Junior doctors say they are not being treated with respect
Junior doctors will warn patient care could suffer as a result of NHS reforms as their annual conference takes place.
Ram Moorthy, chairman of the British Medical Association's Junior Doctor Committee, said his members remained angry about changes to their training.
And Mr Moorthy will accuse ministers of simply paying lip service to the profession's views and treating junior doctors as a nuisance.
The Department of Health said the role of doctors was "greatly valued".
Junior doctors feel that they are not viewed as dedicated professionals who embrace a difficult role
Mr Ram Moorthy Junior Doctors Committee
Mr Moorthy said junior doctors were concerned about intensification of competition for training posts.
Latest figures for England indicate that 18,000 doctors have applied for around 8,800 posts, with competition ratios as high as 25 to one in some specialties.
Mr Moorthy will warn that problems may lie ahead with this year's recruitment process following the chaos which surrounded implementation of reforms known as Modernising Medical Careers last year.
Training was revamped, with the aim of speeding up progress so juniors could reach consultant level in an average of 11 years, rather than the current 14.
But this resulted in more than 30,000 doctors applying for around 20,000 posts in 2007, a problem exacerbated by a flawed computerised application process.
Mr Moorthy will call for an end to reform for reform's sake, warning that the high quality of care currently enjoyed by patients in the UK was founded on a thorough training system for doctors, which should not be compromised.
He will say: "Junior doctors feel that they are not viewed as dedicated professionals who embrace a difficult role, and make decisions of fundamental importance.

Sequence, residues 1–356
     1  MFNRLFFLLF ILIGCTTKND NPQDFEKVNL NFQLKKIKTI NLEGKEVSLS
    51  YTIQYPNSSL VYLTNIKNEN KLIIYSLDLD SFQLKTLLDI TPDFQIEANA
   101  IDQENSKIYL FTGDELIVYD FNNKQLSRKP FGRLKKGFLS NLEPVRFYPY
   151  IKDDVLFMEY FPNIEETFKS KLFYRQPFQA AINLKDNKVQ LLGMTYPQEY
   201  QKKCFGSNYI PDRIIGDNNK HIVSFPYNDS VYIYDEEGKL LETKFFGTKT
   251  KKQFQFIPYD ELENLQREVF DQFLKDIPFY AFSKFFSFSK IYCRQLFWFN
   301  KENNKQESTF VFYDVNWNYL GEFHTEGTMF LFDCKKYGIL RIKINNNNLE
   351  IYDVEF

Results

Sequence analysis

"They keep the service running, working anti-social hours, covering gaps in the rota, whilst always ensuring that patients receive the high quality care they deserve and expect.
"Instead junior doctors are made to feel like a nuisance, a problem to be 'got round' by employers and government.
"We need not only unity in the profession, but respect from the civil servants and the managers, an acknowledgement that we are all on the same side, striving for an excellent service for patients.
"My call to those who run the NHS and its organisations is: we are professionals, respect us as such. Show us trust and we will show you trust back.
"Allow us to treat patients as they should be treated and we will respect you for it."
Mr Moorthy will also attack moves to withdraw free accommodation for new medical graduates as effectively handing them a 20% pay cut.
A Department of Health spokesperson said: "We greatly value the key role of doctors and continue to work together on the 2008 recruitment round.
"We have learned crucial lessons from 2007. The governance of the MMC programme is much improved and simplified, we are having meaningful and constructive discussions with the medical profession and others involved, and we are adopting an evolutionary approach to change."
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